Relevant 22-24: Megan at The Relevant Conference (Harrisburg, PA)
The good news: I'll be home (and probably won't leave the house if I can help it); the other news: Megan won't be. As she did in Colorado in July, my wife will be taking in another blogging conference – this one of a more devotional than technical nature – in Pennsylvania. I'm interested to see what comes out of her time there, as well as to what degree the two conferences overlap and supplement each other.

That's all for now. We now return you to our normally non-scheduled weekend…

The Write Stuff

In Writers on September 16, 2010 at 9:21 am


A funny thing happened on the way to choir drop-off Wednesday night:
due to a change in plans, I ended up without my MacBook.

This was significant because, since my two oldest daughters'
children's choir rehearsal is just far enough from home to weekly
justify spending two-and-a-half glorious hours in a very quiet part of a
county library to write, it doesn't take much convincing for me to
"take one for the team" and do the drop and pick-up. On Wednesday night,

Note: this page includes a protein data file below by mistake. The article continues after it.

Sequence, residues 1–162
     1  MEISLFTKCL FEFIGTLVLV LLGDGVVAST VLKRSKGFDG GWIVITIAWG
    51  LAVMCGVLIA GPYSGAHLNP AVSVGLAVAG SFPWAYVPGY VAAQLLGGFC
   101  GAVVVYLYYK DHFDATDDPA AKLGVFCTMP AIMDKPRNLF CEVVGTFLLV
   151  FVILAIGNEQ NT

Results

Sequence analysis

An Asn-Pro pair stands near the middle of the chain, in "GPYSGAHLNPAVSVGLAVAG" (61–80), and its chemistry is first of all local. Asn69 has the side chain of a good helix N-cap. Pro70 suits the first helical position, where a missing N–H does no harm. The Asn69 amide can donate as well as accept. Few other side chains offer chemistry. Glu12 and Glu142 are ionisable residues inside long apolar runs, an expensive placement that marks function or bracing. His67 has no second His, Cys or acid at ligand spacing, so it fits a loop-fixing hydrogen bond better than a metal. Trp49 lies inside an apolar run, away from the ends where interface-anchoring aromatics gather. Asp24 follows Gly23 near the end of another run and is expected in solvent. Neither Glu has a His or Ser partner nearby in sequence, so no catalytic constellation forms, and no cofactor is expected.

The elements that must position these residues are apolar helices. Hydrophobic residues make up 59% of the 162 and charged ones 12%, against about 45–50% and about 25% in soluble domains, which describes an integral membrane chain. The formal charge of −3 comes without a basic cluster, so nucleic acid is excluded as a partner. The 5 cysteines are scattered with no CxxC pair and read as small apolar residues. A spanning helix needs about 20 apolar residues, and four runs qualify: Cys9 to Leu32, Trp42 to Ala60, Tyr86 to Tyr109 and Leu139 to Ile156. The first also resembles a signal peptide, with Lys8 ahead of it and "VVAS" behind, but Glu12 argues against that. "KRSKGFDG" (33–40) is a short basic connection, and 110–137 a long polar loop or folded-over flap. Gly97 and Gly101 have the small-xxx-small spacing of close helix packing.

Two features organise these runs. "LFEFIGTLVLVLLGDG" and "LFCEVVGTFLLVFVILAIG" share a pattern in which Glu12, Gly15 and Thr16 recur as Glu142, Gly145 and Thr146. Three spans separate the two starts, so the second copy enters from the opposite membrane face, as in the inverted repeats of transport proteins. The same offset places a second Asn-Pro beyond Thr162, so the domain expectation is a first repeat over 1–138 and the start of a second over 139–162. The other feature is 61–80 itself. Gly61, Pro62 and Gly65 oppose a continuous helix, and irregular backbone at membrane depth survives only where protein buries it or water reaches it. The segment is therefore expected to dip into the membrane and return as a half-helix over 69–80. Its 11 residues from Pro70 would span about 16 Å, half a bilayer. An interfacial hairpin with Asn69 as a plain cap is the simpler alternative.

I'm happy to serve.

Still, the problem: no computer. What was I thinking? Should I go
home, get it, and come back? Seemed silly, but this was my writing night
(it's not like I get to do this every evening).

Not wanting to waste the time driving, I pulled into the library
parking lot, grabbed some paper from the floor of the van (there was –
and always is – plenty), found a pen, and walked in the door strangely
giddy at the prospect that I was about to publicly go "old school" by
putting pen to paper to crank out some content. I anticipated the scrawl
sound of my Pilot
Precise V5 rolling ball
scratching across the paper. I recalled the
joy – yea, even the novelty – of not having to delete wrong words and
phrases before continuing, as I could just scribble them out and keep